17 Claims, 4 Drawing Figures COKE OR ORE COKE PATENTEUMAY 9 I972 SHEET 1 [1F 3 COKE OR ORE COKE FIG. I
PATENTEDMAY 9 I972 3,661,562
SHEET 3 [IF 3 DOUBLE DOUBLE BELL BELL HOPPER HOPPER .-I CO HEATING HEATING ZONE ZONE 0 OXIDATION REDUCTION 2 ZONE-\ /ZONE SOURCE p40 HEATED o I 92 :52
43 2 HEARTH EARTH HEATER H FIG. 4
REACTOR AND METHOD OF MAKING ALUMINUM- SILICON ALLOYS BACKGROUND OF THE INVENTION The present invention is in the field of metallurgy and relates broadly to a method of manufacturing aluminum-silicon alloys and an improved reactor for such method.
It has been known that high silicon aluminum alloys are useful for a number of purposes, particularly casting, and that ores such as clays are available in quantity which can be reduced to high silicon aluminum alloys by reaction with carbon in an electric arc furnace. Although there have been some processes for making aluminum from naturally occurring aluminum oxides or silicates as taught by U.S. Pat. Nos. 1,551,615 and 1,552,728, respectively, using fuel fed or other furnace, respectively, there has been no known commercial method of carbothermically reducing naturally occurring alu minum silicates or clays in a blast furnace for the production of an aluminum-silicon alloy. At the present time aluminumsilicon alloys are manufactured using substantially pure aluminum and substantially pure silicon. This is, of course, considerably expensive.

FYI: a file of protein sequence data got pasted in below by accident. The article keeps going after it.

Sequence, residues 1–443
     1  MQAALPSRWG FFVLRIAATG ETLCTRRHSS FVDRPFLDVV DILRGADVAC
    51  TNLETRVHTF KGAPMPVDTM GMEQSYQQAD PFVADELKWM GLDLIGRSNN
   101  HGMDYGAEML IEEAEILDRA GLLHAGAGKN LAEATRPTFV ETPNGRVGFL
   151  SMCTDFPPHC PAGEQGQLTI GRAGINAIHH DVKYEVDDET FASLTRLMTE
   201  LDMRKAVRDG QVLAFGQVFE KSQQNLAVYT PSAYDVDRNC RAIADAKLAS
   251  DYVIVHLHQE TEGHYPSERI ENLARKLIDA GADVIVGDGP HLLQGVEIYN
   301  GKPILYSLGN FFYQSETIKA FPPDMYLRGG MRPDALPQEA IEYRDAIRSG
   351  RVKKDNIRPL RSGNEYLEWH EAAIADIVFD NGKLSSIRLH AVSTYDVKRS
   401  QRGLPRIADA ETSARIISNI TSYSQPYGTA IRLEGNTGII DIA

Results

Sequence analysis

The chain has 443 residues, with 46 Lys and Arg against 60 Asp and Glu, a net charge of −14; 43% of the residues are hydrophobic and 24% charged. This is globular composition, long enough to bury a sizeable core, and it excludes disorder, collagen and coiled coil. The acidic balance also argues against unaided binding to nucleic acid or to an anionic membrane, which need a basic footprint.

An article entitled Carbothermic Smelting of Aluminum by P. T. Stroup published in Transactions of the Metallurgical Society of AIME, Volume 230, pages 356-371 (1964), provides an excellent history of the work done in smelting aluminum carbothermically.
It has been previously discovered that the introduction of substantially pure oxygen directly into a blast furnace for carbothermically making aluminum-silicon alloys from natural alumina-silica clays considerably improves the production of such alloys. A process of this type is described in U.S. application Ser. No. 60,426, filed Aug. 3, 1970. It has also been discovered that the use of silicon carbide or other suitable carbide in the hearth of the furnace in lieu of carbonaceous material such as coke further enhances the production of aluminum-silicon alloys. This process is described in U.S. application Ser. No. 60,425, filed Aug. 3, 1970.